But what tools are they using and to what extent? Unfortunately, these questions are not easily answered—little research exists on the topic of digital collaboration in general, and most of it focuses on managing virtual teams and similar topics, rather than the tools themselves. Additionally, empirical quantitative data regarding technical communicators’ use of these tools is lacking. Various sources claim, based on author experience and anecdotes, that their use on the rise, yet there are few statistics to back these claims.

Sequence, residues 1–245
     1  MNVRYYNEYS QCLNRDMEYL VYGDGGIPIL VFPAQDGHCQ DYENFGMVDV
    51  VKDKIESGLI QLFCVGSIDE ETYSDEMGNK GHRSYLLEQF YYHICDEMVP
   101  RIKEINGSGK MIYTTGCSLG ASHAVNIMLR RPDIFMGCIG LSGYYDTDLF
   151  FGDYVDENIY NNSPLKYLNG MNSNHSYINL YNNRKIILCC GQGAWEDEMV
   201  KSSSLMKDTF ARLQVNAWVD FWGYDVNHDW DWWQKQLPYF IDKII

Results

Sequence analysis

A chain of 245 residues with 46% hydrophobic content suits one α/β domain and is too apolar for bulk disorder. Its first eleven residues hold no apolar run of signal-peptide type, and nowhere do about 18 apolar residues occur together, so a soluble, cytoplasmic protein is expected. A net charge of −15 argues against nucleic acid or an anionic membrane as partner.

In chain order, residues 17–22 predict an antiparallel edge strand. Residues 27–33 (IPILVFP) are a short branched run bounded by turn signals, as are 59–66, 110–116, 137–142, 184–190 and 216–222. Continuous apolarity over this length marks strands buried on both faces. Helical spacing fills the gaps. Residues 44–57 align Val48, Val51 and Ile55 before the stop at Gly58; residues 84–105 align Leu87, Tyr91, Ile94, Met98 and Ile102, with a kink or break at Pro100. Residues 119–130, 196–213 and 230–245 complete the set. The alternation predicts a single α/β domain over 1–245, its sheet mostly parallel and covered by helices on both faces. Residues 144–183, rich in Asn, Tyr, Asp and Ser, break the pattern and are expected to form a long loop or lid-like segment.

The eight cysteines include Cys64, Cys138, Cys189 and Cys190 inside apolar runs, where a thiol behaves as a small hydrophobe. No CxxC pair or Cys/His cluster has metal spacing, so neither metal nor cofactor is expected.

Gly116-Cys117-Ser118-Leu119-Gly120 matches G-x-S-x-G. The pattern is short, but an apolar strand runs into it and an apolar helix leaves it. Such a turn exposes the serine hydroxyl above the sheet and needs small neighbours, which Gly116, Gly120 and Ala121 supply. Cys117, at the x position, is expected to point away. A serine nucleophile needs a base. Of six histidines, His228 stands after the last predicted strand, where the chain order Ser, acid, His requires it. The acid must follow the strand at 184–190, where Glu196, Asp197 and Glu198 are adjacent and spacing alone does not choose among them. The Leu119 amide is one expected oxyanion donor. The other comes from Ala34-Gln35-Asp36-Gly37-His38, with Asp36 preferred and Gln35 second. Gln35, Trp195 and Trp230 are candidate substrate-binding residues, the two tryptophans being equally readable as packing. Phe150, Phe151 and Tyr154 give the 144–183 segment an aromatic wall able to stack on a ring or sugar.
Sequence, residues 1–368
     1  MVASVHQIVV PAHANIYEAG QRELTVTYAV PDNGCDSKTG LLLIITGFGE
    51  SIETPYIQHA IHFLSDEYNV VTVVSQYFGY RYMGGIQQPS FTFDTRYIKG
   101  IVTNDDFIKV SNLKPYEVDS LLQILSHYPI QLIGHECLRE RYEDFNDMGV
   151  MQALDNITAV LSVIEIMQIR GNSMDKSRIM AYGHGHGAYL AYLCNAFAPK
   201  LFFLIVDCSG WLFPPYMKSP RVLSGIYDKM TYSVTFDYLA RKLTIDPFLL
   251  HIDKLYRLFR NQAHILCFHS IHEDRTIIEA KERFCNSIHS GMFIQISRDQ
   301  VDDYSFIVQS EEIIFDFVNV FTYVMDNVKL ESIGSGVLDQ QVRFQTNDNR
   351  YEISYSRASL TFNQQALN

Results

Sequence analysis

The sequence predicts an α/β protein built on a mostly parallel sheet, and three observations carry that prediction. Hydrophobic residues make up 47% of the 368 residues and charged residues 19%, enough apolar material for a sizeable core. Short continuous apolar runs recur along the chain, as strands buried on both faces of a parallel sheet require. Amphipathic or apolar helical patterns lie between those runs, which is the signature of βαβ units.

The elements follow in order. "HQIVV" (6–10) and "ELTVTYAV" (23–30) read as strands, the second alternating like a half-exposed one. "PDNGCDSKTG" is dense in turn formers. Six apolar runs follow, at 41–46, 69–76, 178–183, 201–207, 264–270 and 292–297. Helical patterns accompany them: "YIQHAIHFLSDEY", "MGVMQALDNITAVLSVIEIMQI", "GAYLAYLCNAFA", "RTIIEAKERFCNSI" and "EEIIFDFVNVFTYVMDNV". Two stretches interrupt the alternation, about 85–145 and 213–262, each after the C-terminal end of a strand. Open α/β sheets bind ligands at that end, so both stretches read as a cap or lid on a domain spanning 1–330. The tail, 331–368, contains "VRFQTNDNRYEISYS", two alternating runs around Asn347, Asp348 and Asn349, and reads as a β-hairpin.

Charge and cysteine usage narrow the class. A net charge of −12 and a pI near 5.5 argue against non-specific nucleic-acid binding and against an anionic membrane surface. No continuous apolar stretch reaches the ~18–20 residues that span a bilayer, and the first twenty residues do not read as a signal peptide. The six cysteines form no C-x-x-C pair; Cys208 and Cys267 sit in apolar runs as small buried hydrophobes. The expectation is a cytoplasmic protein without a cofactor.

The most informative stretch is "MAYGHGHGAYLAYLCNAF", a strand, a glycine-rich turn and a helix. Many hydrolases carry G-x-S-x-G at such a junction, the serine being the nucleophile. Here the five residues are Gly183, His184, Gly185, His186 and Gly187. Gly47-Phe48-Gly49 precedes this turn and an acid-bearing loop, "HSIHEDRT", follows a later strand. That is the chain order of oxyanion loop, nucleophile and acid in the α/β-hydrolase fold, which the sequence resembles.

As Thompson (2001) concluded, “Collaboration as a research issue… seems firmly rooted in technical communication as a discipline” (p. 167). This well established need for research about collaboration within the field, combined with the aforementioned high level of worker involvement in virtual teams, suggests a need for research in the area of technical communicators’ collaborative work within the context of the modern digital era. This research necessarily encompasses the tools technical communicators employ to work collaboratively via digital media. Such tools may include groupware, wikis (Web pages characterized by distributed authorship), online word processors, and other technologies allowing practitioners of technical communication to write collaboratively with others over the Internet (or another network type).